Rehabilitation & Prevention of future sports injuries using Chinese Acupuncture & Herbal Medicine
The theory and practice of acupuncture is based on Traditional Chinese Medicine (also known as Oriental medicine), a comprehensive natural health care system that has been used in Asian countries for thousands of years to preserve health and diagnose, treat and prevent illness. Acupuncture treats health conditions by stimulating “acu-points” found at specific locations on the surface of the body. Acupuncturists stimulate the acu-points by inserting very thin needles through the skin to produce physiological effects. Other methods are also used to stimulate acu-points, such as heat or finger-pressure.
The general theory of acupuncture is that proper physiological function and health depend on the circulation of nutrients, substances and energy called Qi (pronounced “chee”) through a network of “channels” or “meridians.” This network connects every organ and part of the body, providing balance, regulation and coordination of physiological processes. Pain and ill-health result when the flow of Qi through the body is disrupted or blocked by many things, including disease, pathogens, trauma/injuries and medication (side-effects), as well as lifestyle factors such as overwork, poor diet, emotions, lack of rest and stress. Stimulation of the appropriate acu-points through acupuncture treatments helps to restore sufficient, continuous and even flow of Qi and other nutrients throughout the body, thereby restoring health and balance to the body, while relieving pain and other symptoms.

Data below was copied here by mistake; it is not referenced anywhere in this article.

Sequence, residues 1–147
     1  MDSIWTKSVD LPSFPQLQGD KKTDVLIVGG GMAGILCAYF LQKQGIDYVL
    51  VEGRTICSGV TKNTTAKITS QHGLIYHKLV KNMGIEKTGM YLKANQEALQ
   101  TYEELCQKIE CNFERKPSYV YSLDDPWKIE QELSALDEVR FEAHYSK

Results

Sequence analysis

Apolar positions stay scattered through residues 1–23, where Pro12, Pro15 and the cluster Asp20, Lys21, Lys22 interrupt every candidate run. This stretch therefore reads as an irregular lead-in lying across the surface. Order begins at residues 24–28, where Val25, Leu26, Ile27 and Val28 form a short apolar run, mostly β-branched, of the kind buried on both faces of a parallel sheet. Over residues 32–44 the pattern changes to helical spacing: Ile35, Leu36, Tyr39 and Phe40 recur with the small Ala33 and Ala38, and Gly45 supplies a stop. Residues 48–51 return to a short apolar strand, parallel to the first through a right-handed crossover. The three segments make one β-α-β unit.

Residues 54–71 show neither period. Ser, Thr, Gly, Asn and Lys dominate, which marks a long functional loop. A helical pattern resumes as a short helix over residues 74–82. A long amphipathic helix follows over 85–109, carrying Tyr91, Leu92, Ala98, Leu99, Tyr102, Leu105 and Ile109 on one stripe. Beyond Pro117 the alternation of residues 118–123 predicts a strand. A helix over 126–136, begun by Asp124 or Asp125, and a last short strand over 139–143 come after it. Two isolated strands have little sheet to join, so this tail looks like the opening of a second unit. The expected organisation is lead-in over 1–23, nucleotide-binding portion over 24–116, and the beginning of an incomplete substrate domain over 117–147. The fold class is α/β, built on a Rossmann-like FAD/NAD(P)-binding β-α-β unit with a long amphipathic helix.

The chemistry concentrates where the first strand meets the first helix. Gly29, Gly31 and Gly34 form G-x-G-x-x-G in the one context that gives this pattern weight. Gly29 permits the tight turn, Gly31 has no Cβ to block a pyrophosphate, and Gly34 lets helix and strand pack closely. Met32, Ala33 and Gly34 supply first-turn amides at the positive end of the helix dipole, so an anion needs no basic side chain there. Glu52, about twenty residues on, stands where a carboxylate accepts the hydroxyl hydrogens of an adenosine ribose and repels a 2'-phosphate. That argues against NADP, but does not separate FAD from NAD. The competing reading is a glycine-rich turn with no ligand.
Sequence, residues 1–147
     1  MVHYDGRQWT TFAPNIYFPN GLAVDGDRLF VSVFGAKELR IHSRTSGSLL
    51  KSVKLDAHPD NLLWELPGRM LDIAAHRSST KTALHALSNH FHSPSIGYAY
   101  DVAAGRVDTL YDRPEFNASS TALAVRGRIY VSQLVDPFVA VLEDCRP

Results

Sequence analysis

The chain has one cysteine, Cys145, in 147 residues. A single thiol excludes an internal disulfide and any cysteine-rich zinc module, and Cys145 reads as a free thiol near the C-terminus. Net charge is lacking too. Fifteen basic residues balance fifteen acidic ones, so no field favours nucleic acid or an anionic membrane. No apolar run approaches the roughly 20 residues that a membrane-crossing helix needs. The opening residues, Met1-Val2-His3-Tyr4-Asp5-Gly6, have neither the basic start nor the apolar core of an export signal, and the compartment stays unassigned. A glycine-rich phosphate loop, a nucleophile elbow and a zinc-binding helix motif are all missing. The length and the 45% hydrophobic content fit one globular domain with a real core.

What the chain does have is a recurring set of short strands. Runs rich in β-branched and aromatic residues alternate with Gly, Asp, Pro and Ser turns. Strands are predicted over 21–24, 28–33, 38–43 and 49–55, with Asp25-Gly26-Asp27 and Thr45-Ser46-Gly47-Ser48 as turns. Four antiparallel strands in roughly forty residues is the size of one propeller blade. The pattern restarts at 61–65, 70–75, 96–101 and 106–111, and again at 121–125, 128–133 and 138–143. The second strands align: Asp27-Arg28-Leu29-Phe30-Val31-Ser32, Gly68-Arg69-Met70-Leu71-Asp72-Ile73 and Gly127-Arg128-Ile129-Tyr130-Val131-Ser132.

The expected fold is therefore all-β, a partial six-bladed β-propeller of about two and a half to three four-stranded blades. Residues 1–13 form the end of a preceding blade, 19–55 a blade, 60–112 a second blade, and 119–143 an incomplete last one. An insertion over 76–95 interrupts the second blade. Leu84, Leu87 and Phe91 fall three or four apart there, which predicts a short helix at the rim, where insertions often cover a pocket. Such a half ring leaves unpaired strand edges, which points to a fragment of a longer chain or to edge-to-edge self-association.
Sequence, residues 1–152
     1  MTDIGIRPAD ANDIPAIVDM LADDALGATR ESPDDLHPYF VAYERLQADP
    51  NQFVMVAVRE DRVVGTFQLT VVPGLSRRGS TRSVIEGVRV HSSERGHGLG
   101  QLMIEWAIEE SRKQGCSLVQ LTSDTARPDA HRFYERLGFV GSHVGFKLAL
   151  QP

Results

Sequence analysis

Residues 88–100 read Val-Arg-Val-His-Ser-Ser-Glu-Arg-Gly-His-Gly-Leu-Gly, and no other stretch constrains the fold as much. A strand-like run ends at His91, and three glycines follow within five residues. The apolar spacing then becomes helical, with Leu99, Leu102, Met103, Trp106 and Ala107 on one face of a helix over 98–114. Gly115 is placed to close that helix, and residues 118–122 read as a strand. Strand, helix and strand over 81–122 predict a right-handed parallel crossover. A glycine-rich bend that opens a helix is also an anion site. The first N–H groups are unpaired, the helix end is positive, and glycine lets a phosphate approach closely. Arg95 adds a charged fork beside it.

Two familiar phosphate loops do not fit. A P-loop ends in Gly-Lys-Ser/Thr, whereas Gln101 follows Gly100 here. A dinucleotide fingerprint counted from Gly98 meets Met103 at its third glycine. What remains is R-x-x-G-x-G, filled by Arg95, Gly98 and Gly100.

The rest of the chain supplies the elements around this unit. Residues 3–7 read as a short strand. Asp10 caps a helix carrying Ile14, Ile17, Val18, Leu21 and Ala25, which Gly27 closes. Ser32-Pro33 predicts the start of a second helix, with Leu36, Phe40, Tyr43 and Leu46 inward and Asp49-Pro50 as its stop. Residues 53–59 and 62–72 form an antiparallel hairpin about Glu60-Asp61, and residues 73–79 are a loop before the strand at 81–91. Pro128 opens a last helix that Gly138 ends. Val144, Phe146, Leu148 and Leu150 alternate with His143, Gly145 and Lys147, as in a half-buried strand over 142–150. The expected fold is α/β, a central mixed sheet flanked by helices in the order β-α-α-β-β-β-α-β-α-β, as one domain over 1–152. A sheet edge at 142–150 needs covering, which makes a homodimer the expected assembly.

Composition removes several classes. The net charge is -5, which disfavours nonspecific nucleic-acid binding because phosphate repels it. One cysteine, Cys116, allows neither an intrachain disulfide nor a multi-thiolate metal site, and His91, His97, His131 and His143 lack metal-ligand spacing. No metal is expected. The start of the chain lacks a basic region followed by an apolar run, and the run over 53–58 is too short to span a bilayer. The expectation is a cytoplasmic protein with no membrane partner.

The acupuncturist uses a sophisticated and complex system of diagnostic methods that take into consideration the person as a whole, discerning the body’s pattern of disharmony rather than isolated symptoms. The aim is not only to eliminate or alleviate symptoms, but more importantly to treat the underlying cause, increase the ability to function and improve the quality of life.
“The aim is not only to eliminate or alleviate symptoms…but to treat the underlying cause and improve the quality of life”
Modern acupuncture needles are stainless steel, between one-half and three inches long, ultra-fine and quite flexible. They are pre-sterilized, nontoxic and disposable (single use). When the needles are tapped into the skin, there may not be any sensation. Patients may feel a dull or slightly tingly sensation in the area where the needle is inserted. Needles are typically placed in several acu-points and are usually left in about 20-40 minutes. Most patients find treatments to be relaxing and meditative experiences. The goal is to normalize the circulation of Qi and blood by stimulating the energy point, which encourages the body’s natural healing process. Stimulation can be done by rotating the needles manually or attaching electrodes to send a weak electric current through the needles (electro acupuncture).
Patients of acupuncturists range from infants to senior citizens. They may be seeking an alternative to Western medicine or it may be their last hope for relief, having exhausted other methods of treatment for a chronic condition.